On page 215 of the volume, Khare’s write-up, titled The Angry Aristocrat is a critique of Jawaharlal Nehru. Here, he has claimed that Nehru in his autobiography had said that he (Nehru) is English by education, Muslim by culture and Hindu by an accident of birth.
Alt News searched for this statement in Jawaharlal Nehru’s autobiography. Interestingly, it is nowhere to be found. Presented below is an excerpt from the autobiography in which Nehru ruminates about ‘Muslim culture’, arguing that the term signifies not a monolithic culture but a syncretic tradition that developed over the course of centuries of cultural exchange.
“But what is this ‘Muslim culture’? Is it a kind of racial memory of the great deeds of the Arabs, Persians, Turks, etc.? Or language? Or art and music? Or customs? I do not re- member any one referring to present-day Muslim art or Muslim music. The two languages which have influenced Muslim thought in India are Arabic and Persian, and especi- ally the latter. But the influence of Persian has no element of religion about it. The Persian language and many Persian customs and traditions came to India in the course of thousands of years and impressed themselves powerfully all over north India. Persia was the France of the East, sending its language and culture to all its neighbours. That is a common and a precious heritage for all of us in India.”
This leads us to conclude that the first reference to this alleged remark by Jawaharlal Nehru was made in 1959 by none other than NB Khare, who is credited by scholars for having made this remark about Nehru.
Did Nehru Ever Refer to His Birth as a Hindu?
Jawaharlal Nehru was the president of the Indian National Congress in 1929, the same year the organisation passed a historic resolution demanding ‘purna swaraj’ or complete independence from British rule. At this session held in Lahore, in his presidential address, Jawaharlal Nehru had spoken about the need for shunning religious dogmatism, and flayed the idea of nationhood based on religion.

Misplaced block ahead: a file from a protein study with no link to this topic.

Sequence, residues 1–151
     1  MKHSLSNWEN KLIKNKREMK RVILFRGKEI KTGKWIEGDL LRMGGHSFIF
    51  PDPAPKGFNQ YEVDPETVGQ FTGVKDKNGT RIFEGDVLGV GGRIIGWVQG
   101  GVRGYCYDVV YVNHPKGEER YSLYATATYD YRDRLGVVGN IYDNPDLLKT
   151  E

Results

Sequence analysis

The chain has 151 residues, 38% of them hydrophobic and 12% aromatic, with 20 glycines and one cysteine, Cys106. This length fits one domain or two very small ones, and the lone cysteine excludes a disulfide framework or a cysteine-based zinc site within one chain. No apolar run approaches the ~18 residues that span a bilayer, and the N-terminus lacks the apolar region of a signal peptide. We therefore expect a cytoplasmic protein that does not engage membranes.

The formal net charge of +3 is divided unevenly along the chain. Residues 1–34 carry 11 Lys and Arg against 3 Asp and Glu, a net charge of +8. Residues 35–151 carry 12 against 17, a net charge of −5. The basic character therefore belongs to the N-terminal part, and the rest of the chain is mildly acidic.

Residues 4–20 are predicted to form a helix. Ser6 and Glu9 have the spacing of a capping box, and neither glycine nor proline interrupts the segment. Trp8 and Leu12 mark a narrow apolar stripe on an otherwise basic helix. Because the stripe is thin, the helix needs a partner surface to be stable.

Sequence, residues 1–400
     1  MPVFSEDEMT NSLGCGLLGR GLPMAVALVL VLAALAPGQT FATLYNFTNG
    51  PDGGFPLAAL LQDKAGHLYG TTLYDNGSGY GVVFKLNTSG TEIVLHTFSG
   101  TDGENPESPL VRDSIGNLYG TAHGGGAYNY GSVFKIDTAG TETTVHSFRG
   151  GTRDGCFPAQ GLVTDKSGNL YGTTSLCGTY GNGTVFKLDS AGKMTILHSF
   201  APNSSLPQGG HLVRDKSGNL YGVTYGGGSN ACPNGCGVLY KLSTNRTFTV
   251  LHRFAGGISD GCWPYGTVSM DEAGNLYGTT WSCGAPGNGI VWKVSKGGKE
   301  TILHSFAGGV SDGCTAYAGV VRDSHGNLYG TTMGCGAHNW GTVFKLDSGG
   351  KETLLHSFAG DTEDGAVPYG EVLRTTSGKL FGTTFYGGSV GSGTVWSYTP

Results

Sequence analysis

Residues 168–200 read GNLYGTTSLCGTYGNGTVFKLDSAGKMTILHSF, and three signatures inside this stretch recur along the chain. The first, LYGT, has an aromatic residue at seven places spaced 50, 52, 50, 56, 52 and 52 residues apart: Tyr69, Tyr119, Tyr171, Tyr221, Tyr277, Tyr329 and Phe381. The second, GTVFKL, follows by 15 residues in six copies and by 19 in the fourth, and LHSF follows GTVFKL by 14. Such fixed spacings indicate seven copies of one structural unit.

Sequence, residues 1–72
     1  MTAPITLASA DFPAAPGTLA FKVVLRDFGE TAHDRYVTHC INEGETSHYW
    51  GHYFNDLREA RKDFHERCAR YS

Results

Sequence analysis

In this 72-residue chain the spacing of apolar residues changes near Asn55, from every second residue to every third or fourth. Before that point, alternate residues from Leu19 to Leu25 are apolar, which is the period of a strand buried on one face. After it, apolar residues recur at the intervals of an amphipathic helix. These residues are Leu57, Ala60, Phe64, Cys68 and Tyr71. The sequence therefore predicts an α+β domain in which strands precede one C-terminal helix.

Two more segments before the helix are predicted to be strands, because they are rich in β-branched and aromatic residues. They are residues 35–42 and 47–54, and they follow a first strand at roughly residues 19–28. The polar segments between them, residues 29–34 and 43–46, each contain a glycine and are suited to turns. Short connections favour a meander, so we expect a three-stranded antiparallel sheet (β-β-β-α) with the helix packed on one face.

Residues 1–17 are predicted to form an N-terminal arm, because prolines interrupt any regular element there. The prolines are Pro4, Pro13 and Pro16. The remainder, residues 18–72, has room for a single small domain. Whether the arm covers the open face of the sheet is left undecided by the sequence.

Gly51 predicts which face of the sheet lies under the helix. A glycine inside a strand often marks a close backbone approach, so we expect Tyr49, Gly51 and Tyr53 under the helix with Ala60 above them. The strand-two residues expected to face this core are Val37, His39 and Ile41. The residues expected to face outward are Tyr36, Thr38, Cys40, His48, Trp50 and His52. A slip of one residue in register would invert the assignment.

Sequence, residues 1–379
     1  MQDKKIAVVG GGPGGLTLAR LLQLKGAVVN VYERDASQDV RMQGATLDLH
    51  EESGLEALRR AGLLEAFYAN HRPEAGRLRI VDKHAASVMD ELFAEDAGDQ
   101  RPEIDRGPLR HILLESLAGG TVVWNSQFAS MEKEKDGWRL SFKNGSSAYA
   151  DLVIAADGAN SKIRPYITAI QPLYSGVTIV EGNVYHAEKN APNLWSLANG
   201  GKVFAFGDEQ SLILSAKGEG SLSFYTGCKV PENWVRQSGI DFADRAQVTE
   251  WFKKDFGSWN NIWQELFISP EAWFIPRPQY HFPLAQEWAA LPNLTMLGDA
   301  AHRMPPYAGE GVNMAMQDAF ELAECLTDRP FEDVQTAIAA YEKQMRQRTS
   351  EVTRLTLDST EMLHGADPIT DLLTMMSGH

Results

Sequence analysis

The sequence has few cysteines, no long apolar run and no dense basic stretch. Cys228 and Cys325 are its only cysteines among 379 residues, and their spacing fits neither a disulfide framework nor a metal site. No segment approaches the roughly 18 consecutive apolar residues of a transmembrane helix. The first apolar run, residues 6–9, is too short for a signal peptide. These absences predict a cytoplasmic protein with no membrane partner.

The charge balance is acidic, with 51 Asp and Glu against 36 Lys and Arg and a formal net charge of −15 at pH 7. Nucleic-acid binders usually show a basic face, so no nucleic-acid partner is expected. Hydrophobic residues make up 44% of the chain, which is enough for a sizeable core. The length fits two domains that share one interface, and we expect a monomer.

Referring to his birth as a Hindu, Nehru had said,
I was born a Hindu but I do not know how far I am justified in calling myself one or in speaking on behalf of Hindus. But birth still counts in this country and by right of birth I venture to submit to the leaders of the Hindus that it should be their privilege to take the lead in generosity. Generosity is not only good morals, but is often good politics and sound expediency. And it is inconceivable to me that in a free India the Hindus can ever be powerless.
Jawaharlal Nehru has been incessantly vilified on social media, where fake quotes and photoshopped images are shared to malign him. Earlier, a ‘letter’ falsely claimed to have been written by Nehru calling Subhas Chandra Bose a “war criminal” was widely shared. In 2017, photograph of Nehru with his sister Vijayalakshmi Pandit was posted by BJP IT cell head Amit Malviya to insinuate philandering. There are numerous such instances chronicled by Alt News.
Nehru’s political ideology and his legacy is anathema to the right-wing social media network. From rumours over his genealogy to his relationship with Subhas Chandra Bose, his education policy and his equation with the RSS, among other things, India’s first prime minister remains a compelling figure in the annals of politics more than five decades after his death.
(This article has been republished in an arrangement with AltNews.in.)